We may be trying some new things on Books in Bloom this year as you saw in Zack’s post last week, but one thing is certainly staying the same: regular author/illustrator guest posts. We love getting an inside perspective on the books from the book creators themselves, and we hope you do too.
Today’s guest post from Drew Weing, whose graphic novel The Creepy Case Files of Margo Maloo was a crowd favorite from our Booktalk Live presentation last fall, shares his experience reading and creating fantastic stories for children. It’s an important job, and we are glad he is doing it! ?
I’ve always had a weak spot for escapist fiction. I was a head-in-the-clouds kid, with a fantasy novel always stashed away in my backpack. I could measure my childhood in paperback inches, reading Tolkien by intermittent headlight illumination, in the back of my parents’ car on a night drive. Instead of soccer, homework, or friends; it was Pern, Narnia, and Earthsea. I do have mixed feelings about that now, but it’s true – a lot of these worlds seemed more real than the actual stuff around me.
Take the ever-inescapable Star Wars, and its lived-in universe: what a brilliant idea to make the first movie “Episode 4,” provoking endless amounts of speculation and debate (on the playground one day, circa 1985, a friend told me he had seen the missing episodes 1 through 3; that they had aired exclusively on Canadian television).
When I was a little older I got into comic books. In that pre-internet area, there were no guarantees of reading that entire run of X-Men or Batman. You knew there were deep, piled layers of pre-existing story, and you could never afford all those old, highly-collectible issues, priced out of reach by greedy adults. Of course, kids have always been adept at filling in the gaps – building a coherent world out of bits and pieces is the primary purpose of childhood.
Now, inexplicably, I’m a grown-up, and I make comics. When I was making my book, The Creepy Case Files of Margo Maloo, I wanted to pour that love of lore and world-building into it – to make a world so rich and believable that you could step right into the monster-inhabited abandoned buildings and graffiti-lined alleys of Echo City.
I watch out for the traps that lurk for unwary creators of fantasy or science fiction who fall too much in love with their own universes. For every detail or bit of exposition that makes it to the page, there are a dozen more in my ever-growing Evernote folders – cross-referenced timelines, maps, biographies that are for my reference alone. My kid readers maybe don’t need to know what the political situation between the troll and ogre clans is, but I do. I think it deepens a picture to know that there’s more bleeding off the edges that can be seen.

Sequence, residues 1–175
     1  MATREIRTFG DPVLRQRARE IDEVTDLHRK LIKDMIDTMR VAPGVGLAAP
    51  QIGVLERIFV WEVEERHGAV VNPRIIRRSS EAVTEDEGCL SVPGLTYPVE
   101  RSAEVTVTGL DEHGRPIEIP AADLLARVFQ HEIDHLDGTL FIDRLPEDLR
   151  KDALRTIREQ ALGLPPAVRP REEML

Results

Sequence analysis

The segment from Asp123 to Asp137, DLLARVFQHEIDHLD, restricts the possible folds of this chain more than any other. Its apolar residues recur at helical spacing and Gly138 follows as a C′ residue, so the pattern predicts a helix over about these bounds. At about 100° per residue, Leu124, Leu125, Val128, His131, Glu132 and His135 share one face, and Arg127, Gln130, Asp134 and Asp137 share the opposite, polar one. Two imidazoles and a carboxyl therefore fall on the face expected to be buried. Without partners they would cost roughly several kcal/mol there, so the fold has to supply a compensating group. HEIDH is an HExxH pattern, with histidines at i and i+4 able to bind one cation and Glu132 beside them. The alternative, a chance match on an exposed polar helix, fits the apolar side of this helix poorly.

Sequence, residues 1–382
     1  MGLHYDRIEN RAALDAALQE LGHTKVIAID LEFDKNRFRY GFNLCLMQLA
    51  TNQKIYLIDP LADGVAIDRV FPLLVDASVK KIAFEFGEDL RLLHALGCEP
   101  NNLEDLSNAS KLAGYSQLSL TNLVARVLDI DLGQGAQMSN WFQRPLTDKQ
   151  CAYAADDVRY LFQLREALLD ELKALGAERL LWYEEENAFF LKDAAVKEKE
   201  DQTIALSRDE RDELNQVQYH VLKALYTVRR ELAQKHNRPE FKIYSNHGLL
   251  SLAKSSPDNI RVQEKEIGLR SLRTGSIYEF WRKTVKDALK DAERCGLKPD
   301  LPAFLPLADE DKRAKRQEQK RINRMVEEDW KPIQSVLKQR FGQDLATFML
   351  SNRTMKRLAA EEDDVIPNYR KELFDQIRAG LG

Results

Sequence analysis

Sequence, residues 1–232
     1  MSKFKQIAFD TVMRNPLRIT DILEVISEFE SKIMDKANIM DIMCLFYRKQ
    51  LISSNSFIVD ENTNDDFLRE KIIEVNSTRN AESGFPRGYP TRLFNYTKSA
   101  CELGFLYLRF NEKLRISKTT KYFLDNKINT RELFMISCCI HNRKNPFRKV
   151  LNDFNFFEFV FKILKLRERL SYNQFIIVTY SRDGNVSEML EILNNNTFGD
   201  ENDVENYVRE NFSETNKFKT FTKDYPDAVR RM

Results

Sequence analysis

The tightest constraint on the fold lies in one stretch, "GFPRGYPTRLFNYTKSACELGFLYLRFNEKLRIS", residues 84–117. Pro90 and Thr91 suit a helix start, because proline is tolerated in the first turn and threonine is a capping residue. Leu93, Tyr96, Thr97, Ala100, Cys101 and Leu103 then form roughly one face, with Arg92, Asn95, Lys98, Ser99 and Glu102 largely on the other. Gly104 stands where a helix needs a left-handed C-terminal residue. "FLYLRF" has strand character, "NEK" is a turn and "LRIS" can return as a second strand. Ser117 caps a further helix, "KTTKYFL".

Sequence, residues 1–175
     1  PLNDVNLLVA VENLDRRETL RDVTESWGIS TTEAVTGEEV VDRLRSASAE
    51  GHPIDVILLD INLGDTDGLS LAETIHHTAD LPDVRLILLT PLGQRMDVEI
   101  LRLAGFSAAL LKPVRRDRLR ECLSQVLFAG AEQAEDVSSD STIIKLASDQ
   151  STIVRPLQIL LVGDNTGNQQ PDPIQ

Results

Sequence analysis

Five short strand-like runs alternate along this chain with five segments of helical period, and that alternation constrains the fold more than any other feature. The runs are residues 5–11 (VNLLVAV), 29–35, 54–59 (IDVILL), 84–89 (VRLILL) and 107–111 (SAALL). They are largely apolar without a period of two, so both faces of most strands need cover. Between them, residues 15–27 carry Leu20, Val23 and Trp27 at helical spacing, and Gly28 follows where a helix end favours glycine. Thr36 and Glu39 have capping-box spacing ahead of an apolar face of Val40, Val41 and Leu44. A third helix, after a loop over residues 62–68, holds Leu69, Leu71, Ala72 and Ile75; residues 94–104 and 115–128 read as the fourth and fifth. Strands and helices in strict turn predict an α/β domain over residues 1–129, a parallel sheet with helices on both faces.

As an author, on the other side of the printed page, an imaginary world is a lot more fragile. When times are easy and the creative juice is really flowing, the people and places you’re writing about seem very close, just on the other side of a thin divide. Your characters might be real people, who just happen to have stepped out of the room for the moment. But when times are bad, when the whole world seems like it’s on fire and you can see the sparks just outside your studio window – well-developed characters & your deep lore suddenly looks pretty flimsy. How can you care about these imaginary people, when real people in the real world, are in pain and danger? Retreating to this imaginary space seems like incredible selfishness.
Just like fairies, stories don’t come when you don’t believe in them. Sometimes what gets me through is the thought that the world we live in is also an act of imaginative creation. The world is a collaborative story that we’re all telling together, willed into being from 7 billion individual narratives – and every thread of every narrative is woven from the stories that came before. Even our politics start as fairytales, complete with morals at the end. Unlike fiction, the world is never a finished creation. Humanity has to learn those same old corny lessons over and over again, the lessons we got from those childhood favorites: the power of friendship, and kindness, and sharing. That friends come in all shapes and sizes and colors.
Telling stories to kids – what an important job! I give kids the best bits and pieces I’ve got, and let them make of it as they will. Hopefully, the story they write will be a better one.
From the Publisher:
About the Author: Drew Weing lives in Athens, GA with his wife, cartoonist Eleanor Davis, and too many cats. He makes comics for print and online, among which are the nautical graphic novel Set to Sea, the infinite canvas webcomic Pup, and the early reader comic Flop to the Top, which he co-authored with his wife.
About The Creepy Case Files of Margo Maloo: Charles just moved to Echo City, and some of his new neighbors give him the creeps. They sneak into his room, steal his toys, and occasionally, they try to eat him. The place is teeming with monsters! Lucky for Charles, Echo City has Margo Maloo, the monster mediator. No matter who’s causing trouble, Margo knows exactly what to do—the neighborhood kids say monsters are afraid of her. It’s a good thing because Echo City’s trolls, ogres, and ghosts all have one thing in common: they don’t like Charles very much.